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How to Pick the Breast Pump That Fits Your Needs

How to Pick the Breast Pump That Fits Your Needs

Ready to make a pump purchase? We did the research for you. 

Like so many feeding and parenting decisions, picking a breast pump is personal. Your goal should be to find the pump that fits your lifestyle needs without compromising your comfort or the amount of milk you make — but with so many options out there, this is easier said than done! 

Below, we’ll walk through different types of pumps and share tips for what to look out for. 

Pump Overview 

There are a few different types, or categories, of pumps to consider. Factors like whether you're chosen to pump exclusively, where and when you plan to pump most often, and the number of kids you have at home can help you decide which pump to choose.

In some cases, you may even choose to purchase more than one pump! Many moms like to have a backup for travel or work, or prefer to use one pump for night feeds and another during the day. Feeding is a journey, and your needs will likely change over time. 

Traditional Pumps 

Traditional pumps, sometimes called wall pumps, may be what you have in mind when you think about pumping. (Cue: image of a mom with cords and bottles poking out of her pumping bra!) These pumps usually need to be plugged into an outlet and have a large motor that can be carried around during your session. 

Most traditional pumps use a tug-and-release suction pattern that mimics a baby's latch to pull milk from the breast. They start in a stimulation mode to induce letdown, then can be moved to expression to encourage a steady flow of milk. 

Historically, these were the pumps that most moms used as their primary pumps, although this is changing as more and more options are available. They’re a good choice if you'll mostly be pumping at home and don't mind dealing with limited mobility. Additionally, they’re often relatively easy to assemble and use, and milk can often be stored directly in the bottle you've pumped into.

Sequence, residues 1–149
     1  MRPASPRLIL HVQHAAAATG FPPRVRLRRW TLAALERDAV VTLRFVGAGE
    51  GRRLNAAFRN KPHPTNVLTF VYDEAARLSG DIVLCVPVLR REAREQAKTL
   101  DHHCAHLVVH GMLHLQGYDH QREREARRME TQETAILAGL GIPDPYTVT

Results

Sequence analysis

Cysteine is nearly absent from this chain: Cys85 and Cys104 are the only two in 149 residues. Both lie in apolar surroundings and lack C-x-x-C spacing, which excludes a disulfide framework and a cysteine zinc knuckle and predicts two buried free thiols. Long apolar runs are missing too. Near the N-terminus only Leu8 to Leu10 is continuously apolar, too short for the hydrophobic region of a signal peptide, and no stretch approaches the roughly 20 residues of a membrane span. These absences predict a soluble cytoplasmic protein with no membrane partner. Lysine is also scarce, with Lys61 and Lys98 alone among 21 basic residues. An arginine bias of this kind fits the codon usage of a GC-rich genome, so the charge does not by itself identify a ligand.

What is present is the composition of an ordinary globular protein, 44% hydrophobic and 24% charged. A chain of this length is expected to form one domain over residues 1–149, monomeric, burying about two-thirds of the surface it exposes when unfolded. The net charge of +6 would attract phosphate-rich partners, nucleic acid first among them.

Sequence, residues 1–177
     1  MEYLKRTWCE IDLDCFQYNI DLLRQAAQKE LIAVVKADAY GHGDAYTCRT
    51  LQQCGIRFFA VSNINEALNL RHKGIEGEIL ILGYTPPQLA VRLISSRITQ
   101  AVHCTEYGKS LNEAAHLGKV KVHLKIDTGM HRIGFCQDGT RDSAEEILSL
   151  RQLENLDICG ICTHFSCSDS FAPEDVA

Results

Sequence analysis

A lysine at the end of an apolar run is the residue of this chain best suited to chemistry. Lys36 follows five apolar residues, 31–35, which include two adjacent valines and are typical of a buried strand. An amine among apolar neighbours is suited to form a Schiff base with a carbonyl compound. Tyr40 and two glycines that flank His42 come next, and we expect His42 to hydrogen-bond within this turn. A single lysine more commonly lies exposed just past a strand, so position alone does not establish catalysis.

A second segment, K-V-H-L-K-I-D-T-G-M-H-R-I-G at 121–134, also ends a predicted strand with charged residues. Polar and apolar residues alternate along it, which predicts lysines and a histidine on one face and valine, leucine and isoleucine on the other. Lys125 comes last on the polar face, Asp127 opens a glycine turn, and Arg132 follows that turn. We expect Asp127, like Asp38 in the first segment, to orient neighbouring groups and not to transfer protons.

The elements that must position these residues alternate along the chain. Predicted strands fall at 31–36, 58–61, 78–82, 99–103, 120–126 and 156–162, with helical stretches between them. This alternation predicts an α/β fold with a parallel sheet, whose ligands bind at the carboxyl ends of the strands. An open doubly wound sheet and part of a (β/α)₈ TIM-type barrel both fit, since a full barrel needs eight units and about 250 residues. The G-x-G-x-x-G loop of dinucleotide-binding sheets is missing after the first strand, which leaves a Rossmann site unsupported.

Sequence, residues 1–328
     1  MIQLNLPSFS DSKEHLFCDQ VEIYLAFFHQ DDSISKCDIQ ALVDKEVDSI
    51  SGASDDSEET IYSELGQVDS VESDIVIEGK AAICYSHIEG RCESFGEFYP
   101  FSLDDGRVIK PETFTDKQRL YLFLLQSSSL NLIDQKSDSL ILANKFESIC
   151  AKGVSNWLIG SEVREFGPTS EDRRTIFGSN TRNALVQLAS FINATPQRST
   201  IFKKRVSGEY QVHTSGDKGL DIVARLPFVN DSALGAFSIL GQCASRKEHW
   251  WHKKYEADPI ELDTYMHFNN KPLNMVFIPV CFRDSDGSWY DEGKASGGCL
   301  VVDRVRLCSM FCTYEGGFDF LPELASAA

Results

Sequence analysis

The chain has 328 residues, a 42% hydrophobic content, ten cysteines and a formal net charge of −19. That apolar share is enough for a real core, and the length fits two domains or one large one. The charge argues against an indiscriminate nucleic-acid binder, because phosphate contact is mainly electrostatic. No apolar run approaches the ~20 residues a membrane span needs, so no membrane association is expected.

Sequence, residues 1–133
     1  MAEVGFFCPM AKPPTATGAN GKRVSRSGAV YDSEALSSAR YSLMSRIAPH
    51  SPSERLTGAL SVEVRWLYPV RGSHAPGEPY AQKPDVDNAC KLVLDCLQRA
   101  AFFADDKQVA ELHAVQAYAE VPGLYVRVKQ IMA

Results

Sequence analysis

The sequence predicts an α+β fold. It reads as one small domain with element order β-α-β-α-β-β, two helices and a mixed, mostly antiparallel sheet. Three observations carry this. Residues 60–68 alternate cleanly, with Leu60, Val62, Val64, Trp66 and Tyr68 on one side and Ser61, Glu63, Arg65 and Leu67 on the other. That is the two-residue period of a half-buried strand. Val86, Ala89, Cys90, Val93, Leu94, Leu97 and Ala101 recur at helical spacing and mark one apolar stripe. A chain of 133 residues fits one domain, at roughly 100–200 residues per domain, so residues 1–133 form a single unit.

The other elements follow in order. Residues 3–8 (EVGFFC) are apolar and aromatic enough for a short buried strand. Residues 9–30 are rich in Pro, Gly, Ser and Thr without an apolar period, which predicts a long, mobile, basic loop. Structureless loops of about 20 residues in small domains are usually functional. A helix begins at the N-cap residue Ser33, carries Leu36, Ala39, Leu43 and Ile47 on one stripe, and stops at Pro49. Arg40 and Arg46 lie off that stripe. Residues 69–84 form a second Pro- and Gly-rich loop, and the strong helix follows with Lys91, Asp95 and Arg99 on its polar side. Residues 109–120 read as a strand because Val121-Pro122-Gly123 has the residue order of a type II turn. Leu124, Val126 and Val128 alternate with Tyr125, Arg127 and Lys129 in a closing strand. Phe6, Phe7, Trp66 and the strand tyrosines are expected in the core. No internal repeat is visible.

Wearable Pumps 

Wearable pumps are another option. The most important thing to know about these is that they're not all created equal, so you really need to do your research.

The defining characteristic of these pumps is that they do not need to be plugged in while you pump. Beyond that, they can vary quite a bit!

For example, some wearable pumps have hospital-strength suction and many customizable levels of stimulation and expression, but others don't. 

How we do it at Willow: both of our pumps are hospital-strength and can be customized per side (because no two breasts are alike!). Willow 360 is built with smart suction that adjusts to your body to automatically switch from stimulation to expression at the right time.

Some pumps are totally hands-free and in-bra, while others have external motors that sit on top of the milk container or even need to be clipped to your pants or carried in your hand. 

How we do it at Willow: both of our pumps are built with a donut-shaped internal motor that creates an even weight distribution for increased comfort, and allows the shape to mimic the breast for discretion.

Some pumps are app-connected with real-time milk volume tracking, but others require manual control (meaning you need to reach into your bra to start, pause, adjust suction, manage modes, etc). 

How we do it at Willow: both of our pumps are app-connected and controlled, and the Willow 360 is even compatible with Apple Watch. In addition to pump control, our apps also offer access to expert-backed content and services.

Finally, some pumps allow for a wide range of leak-proof mobility while others require you to remain pretty upright.